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Winning Poster in Teachers’ Union Contest Uses Soviet-Style Imagery

The National Education Association—the nation’s largest teachers’ union—has made some moves recently to shore up its political action contributions. At the union’s annual assembly, delegates to the NEA approved a constitutional bylaw amendment that opened up membership to “community allies.”

Community Ally membership shall be open to any person interested in advancing the cause of public education, who supports the mission, vision, and core values of the Association, and who is not eligible for any other NEA membership category.

For $25 a year, community allies will receive small perks, such as members-only discounts to local restaurants and vendors, but the biggest advantage with this new membership category is for the NEA’s PAC, according to union expert Mike Antonucci.

Federal law forbids unions from soliciting and collecting PAC donations from nonmembers. Become a member, and you can instantly contribute up to $5,000 a year.

The union’s PAC, the NEA Fund for Children and Public Education, could use the help. Contributions peaked at nearly $6.3 million during the 2010 election cycle. They have fallen every cycle since, down to just under $4.3 million in 2018, according to the Center for Responsive Politics.

I wonder if donations are down because NEA’s members are growing weary of funding political objectives and candidates who don’t align with their own personal beliefs. Teachers have voiced concern over how hyper-focused the union is on politics and would like the union to focus more on meeting teachers’ day-to-day needs. For some teachers, that concern is leading them to opt-out of union membership to get the attention of the union in hopes of reforming it. For others, they are choosing to opt-out because the union does not make their professional needs a priority. (Minnesota teachers can make this choice in September. Visit here for more details and support.)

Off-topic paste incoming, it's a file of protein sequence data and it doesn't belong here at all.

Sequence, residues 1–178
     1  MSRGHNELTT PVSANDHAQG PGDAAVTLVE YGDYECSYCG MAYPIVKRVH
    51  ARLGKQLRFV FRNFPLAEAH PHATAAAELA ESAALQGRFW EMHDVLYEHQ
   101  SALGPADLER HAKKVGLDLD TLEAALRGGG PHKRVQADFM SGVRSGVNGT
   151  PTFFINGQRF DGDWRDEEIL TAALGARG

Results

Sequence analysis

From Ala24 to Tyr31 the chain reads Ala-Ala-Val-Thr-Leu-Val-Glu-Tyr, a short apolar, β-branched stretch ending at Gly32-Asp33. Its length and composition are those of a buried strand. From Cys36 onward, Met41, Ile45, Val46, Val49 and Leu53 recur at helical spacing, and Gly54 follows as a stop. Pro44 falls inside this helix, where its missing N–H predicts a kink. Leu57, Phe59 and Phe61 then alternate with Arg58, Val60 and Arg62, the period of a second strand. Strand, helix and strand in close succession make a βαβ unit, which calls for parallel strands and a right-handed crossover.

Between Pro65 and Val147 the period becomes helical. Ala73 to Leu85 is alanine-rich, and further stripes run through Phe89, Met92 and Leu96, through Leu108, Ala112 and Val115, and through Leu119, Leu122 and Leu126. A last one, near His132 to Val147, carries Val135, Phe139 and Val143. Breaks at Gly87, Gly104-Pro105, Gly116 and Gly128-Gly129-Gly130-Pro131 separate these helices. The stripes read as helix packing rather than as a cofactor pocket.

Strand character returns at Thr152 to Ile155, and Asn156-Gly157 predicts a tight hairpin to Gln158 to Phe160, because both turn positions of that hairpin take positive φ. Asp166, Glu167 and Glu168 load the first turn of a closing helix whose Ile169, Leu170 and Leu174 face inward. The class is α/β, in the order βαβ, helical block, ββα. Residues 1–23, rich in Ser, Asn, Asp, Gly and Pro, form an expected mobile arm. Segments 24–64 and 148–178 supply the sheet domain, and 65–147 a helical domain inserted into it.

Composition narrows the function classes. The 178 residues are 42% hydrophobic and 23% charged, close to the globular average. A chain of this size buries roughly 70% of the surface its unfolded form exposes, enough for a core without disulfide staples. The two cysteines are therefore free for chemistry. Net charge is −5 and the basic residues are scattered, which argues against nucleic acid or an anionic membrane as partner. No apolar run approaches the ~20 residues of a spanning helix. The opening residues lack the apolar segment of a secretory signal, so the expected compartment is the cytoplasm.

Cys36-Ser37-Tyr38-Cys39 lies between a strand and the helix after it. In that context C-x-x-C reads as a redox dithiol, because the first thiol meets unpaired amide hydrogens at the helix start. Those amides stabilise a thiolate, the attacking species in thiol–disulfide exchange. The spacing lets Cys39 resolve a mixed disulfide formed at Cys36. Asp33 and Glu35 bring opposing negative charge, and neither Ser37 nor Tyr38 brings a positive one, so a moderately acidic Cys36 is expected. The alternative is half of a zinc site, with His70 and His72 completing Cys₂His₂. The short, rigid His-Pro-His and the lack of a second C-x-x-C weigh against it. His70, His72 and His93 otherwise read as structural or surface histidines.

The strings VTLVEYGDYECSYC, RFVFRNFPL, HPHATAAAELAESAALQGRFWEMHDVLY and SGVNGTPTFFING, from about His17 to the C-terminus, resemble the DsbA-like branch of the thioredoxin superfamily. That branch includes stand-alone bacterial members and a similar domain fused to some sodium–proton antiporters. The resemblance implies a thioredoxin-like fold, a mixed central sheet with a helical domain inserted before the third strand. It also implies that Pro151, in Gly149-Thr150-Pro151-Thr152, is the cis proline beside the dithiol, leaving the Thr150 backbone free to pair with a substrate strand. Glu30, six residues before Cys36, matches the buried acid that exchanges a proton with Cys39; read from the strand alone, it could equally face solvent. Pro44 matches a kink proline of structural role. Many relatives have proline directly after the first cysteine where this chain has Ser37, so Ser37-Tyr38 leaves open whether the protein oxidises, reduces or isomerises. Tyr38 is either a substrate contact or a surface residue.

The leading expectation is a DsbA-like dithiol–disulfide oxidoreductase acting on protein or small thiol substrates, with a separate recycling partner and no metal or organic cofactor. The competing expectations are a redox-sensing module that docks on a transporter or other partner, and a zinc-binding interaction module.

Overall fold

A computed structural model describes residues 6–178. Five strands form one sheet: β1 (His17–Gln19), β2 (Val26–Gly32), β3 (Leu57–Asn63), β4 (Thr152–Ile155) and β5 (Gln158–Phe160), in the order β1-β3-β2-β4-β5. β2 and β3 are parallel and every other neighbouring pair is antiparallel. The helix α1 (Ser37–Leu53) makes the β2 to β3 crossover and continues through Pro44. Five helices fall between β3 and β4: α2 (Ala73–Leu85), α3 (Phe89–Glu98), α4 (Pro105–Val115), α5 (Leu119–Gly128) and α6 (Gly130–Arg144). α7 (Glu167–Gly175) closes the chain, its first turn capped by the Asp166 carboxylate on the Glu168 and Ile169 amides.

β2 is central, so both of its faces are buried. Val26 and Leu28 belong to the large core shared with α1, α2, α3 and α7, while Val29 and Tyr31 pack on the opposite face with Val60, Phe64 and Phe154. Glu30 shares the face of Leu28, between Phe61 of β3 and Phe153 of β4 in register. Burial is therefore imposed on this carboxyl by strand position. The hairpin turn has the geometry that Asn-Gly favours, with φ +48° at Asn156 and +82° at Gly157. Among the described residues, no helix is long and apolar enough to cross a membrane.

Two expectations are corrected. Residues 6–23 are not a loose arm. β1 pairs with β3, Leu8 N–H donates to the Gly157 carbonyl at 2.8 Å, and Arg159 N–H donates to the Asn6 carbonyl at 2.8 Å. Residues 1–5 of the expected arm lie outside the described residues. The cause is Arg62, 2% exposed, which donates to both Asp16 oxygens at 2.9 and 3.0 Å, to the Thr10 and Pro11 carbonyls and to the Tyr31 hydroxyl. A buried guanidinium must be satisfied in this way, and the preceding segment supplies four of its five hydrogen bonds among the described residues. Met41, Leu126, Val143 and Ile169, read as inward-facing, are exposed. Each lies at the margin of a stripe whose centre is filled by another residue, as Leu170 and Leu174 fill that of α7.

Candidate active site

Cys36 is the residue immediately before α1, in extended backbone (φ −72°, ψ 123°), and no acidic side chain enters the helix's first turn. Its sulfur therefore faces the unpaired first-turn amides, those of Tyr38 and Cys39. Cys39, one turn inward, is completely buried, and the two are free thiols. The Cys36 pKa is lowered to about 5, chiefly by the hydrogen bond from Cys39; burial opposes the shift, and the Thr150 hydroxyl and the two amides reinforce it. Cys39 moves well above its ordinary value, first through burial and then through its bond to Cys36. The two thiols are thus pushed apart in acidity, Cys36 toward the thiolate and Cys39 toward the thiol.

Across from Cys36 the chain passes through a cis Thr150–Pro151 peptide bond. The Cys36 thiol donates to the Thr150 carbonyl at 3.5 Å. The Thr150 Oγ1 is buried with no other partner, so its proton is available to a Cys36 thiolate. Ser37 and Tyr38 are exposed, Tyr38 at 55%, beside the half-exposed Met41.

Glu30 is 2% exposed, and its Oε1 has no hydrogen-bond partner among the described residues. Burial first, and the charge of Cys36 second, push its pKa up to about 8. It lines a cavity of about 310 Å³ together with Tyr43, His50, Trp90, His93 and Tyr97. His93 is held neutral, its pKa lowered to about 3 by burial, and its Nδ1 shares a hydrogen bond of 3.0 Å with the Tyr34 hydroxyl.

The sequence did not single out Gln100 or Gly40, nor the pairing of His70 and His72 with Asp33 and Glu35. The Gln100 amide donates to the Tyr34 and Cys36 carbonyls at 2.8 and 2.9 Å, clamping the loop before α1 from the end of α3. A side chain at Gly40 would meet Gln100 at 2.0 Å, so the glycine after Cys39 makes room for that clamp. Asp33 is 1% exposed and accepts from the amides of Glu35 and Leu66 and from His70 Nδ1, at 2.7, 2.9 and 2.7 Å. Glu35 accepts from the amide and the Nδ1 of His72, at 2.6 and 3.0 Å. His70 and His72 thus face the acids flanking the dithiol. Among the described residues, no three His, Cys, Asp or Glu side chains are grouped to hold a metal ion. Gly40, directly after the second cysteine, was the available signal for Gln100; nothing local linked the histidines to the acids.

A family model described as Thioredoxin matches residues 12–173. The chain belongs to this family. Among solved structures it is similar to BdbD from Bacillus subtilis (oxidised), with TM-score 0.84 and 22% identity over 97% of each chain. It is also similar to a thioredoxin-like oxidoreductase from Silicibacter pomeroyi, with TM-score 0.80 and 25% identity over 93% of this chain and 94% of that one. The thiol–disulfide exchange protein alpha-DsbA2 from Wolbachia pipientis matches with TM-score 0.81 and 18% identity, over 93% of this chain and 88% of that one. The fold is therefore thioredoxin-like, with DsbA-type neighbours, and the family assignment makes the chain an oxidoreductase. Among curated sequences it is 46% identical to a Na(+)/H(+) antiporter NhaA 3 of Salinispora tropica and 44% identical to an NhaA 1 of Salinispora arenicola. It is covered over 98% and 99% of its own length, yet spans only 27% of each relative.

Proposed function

The PAC held a contest to design a campaign 2020 poster, and members interested in a copy of the winning poster could get one if they contributed $30 or more to the PAC, reported Mike Antonucci. Here is the winning poster by an art teacher in Utah:

Source: NEA

The NEA announced the winner by including a short bio of the teacher that stated his “entry references the Soviet propaganda posters he uses in class to teach basic design principles.”

I’ll give Mike Antonucci the last word:

Some may think that fits, but I consider it ironic to use communist imagery to raise campaign contributions from the proletariat for a multimillion-dollar PAC of a $1.62 billion organization.





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